Guest Post by Jessica from LifeasMOM
“I’d love to do freezer cooking, but I don’t have a freezer.”
Sound familiar? Well, today we’re going to dispel the myth. You can practice bulk cooking even if you have small storage space. Really and truly. Want to see how?
For the record, that is a 10 cubic foot freezer into which I placed 20+ meals and still had extra space. The meals were varied, from casseroles to sauces to chili to marinated meats. Let me explain in more detail how you can make this work for you.
The first time I attempted once-a-month cooking, I was pregnant with our first child. We lived in a 250-sq ft studio apartment and were learning a lot about making the most of small storage space. How we fit three of us in that one room is a testimony to God’s grace and creative thinking. My freezer cooking experience was no different. Our refrigerator was the smallest they made that still had an independent freezer. It was one (small) step up from a dorm fridge. Yet, I was regularly able to store 30-40 meals in the freezer. Granted, I was only feeding two adults, but if we do the math, even that small freezer would hold 15 – 20 meals for a family of 4.
How is this possible?
- Start with a mostly empty freezer. You are probably not going to be able to store several weeks’ worth of meals in your refrigerator/freezer if it already has multiple boxes of ice cream, loaves of bread, and packages of hamburger. Consider “eating from your pantry” so that you can reduce what is already there. If you have a stockpile of frozen meats and poultry, those are going to be the building blocks of your freezer meals. Research meals that you can make ahead using those proteins. You don’t need much extra space for these meals. You’re simply going to take the frozen hamburger out, thaw it, cook it up, give it a makeover and put it back where it was.
- Use freezer bags. Ziptop freezer bags, designed for cold temperatures and durability are able to hold many different kinds of frozen foods. These are especially useful for meats in marinades, taco fillings, pizza dough, and even thicker stews and chilis. As you cool, label and freeze the food in these bags, seal them tightly and lay them flat in your freezer. Once they are frozen, you will be able to stand them on end and line them up like books on a shelf, making the best use of your storage space. Make sure that you remove as much excess air as possible to avoid freezer burn.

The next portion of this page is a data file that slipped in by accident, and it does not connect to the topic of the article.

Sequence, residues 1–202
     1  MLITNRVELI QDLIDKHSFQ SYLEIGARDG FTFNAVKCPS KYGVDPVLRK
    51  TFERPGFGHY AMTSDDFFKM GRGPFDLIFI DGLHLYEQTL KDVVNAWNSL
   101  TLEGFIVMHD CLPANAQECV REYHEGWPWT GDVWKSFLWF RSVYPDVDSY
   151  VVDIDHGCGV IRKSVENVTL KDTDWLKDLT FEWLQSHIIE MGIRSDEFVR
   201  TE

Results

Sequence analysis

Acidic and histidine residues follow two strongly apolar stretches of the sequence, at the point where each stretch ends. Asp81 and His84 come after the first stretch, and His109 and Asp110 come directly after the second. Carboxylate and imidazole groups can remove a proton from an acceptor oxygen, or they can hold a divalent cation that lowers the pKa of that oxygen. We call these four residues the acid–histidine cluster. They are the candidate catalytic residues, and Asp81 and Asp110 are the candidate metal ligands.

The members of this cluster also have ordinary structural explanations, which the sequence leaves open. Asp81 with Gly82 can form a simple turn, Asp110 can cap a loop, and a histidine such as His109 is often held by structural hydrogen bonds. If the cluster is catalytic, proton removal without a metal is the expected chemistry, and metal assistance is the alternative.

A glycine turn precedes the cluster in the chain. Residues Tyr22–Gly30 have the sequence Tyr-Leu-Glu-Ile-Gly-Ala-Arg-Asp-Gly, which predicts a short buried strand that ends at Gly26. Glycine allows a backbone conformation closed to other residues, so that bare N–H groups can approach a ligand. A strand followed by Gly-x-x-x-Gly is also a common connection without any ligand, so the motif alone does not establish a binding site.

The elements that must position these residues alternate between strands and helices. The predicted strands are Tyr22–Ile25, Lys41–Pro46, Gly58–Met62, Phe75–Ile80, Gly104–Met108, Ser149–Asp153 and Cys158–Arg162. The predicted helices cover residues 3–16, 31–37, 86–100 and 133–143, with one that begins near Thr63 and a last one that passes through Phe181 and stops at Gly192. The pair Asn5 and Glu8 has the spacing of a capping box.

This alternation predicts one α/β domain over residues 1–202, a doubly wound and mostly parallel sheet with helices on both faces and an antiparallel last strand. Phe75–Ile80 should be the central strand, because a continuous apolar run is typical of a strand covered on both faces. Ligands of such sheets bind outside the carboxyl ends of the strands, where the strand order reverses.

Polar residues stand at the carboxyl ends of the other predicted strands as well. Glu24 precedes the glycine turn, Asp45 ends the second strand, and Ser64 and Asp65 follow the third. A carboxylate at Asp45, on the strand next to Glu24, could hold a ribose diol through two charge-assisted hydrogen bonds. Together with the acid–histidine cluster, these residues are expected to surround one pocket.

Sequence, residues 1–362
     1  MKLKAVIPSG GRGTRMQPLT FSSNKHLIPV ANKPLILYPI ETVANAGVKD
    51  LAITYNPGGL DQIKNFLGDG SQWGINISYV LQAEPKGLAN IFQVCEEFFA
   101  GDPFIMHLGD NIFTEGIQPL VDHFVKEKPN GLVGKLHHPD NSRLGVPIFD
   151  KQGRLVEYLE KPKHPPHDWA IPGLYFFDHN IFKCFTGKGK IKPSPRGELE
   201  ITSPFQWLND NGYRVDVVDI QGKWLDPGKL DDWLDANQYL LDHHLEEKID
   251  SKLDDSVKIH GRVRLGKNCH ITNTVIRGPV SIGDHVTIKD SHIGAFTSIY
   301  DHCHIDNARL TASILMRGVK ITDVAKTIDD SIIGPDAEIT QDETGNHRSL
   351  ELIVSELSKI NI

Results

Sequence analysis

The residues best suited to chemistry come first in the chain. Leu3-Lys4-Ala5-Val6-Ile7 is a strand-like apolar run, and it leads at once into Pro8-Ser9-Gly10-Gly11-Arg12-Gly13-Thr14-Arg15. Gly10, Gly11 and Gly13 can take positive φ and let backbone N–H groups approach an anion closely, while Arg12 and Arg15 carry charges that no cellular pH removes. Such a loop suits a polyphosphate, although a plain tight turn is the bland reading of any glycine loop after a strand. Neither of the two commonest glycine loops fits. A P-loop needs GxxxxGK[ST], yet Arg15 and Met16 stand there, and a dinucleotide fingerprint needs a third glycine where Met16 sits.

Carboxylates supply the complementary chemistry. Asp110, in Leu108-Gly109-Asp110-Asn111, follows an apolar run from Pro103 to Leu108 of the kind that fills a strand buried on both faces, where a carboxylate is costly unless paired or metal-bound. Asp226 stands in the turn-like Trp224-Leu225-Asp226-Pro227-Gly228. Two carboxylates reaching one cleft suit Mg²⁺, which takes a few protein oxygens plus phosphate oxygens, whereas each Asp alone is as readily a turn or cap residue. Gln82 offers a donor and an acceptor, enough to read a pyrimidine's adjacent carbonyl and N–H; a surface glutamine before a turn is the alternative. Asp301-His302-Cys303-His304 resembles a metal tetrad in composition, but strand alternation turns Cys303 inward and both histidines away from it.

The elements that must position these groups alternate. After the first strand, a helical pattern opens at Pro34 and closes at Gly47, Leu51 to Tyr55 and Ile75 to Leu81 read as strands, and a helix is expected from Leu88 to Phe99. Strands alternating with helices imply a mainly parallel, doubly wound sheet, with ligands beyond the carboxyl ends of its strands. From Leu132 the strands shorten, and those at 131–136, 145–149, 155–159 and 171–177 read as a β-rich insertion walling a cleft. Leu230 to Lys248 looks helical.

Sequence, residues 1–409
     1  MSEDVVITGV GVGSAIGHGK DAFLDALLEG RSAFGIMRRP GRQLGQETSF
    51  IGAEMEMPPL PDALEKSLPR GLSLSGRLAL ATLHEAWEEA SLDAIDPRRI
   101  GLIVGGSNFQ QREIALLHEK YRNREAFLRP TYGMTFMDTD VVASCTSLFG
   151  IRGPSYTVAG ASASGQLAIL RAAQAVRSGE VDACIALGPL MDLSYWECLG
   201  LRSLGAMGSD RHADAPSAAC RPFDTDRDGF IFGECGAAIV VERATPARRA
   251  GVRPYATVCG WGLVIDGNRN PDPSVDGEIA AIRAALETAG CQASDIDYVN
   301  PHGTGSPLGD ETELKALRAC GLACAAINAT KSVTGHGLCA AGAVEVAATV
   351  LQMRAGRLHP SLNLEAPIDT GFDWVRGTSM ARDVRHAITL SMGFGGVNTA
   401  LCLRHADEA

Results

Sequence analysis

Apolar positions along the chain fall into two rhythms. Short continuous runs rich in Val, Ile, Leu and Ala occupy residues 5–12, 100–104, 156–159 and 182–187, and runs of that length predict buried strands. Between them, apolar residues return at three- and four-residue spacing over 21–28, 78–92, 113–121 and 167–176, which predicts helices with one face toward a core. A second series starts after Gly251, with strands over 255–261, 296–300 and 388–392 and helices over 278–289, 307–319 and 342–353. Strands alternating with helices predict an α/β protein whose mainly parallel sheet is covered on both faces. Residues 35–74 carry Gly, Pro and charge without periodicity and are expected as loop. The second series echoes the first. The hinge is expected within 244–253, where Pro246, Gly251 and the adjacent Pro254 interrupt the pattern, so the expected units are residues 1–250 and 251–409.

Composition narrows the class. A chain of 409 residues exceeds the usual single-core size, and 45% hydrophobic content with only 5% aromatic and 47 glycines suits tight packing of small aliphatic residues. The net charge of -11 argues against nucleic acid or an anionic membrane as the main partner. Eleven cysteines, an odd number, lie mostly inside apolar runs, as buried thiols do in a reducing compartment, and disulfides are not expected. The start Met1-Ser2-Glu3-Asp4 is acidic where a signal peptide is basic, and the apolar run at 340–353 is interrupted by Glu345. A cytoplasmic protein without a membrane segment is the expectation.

- Use like-shaped plastic containers. For more liquid meals, like pasta sauce, use containers that are all the same shape and size. These will stack the best and make the best use of your space. Square boxes are more efficient than round, but use what you have and look for other complements on sale in future months.
- Stack like with like. This is probably obvious, but bears repeating. If you have three 9×13 pans, stack those one on top of each other. Not only will those meals be easy to find, but you’ll make the most of your space.
- Consider freezing meals in components. You might not have room for 15-20 casseroles to fit in your freezer, but you don’t have to freeze it all together. You can freeze some meal components separately. For instance, when Crystal made my Slab Apple Pies, she froze each layer in a separate ziptop bag. This enabled her to have much more flexibility with her storage space; she could move the separate bags around and fit them where there was space, rather than have to find a way for a 9×13 pan to fit.
You don’t have to have a free-standing freezer to make Freezer Cooking work for you. Sure, it helps. But, you can make the most of what you have and still enjoy homemade convenience foods.
– Jessica Fisher, also known as FishMama, regularly feeds her freezer so that she can feed the hungry masses who call her “Mom.” She posts daily about life’s joys and challenges at LifeasMOM and shares delicious ways to act your wage at Good Cheap Eats.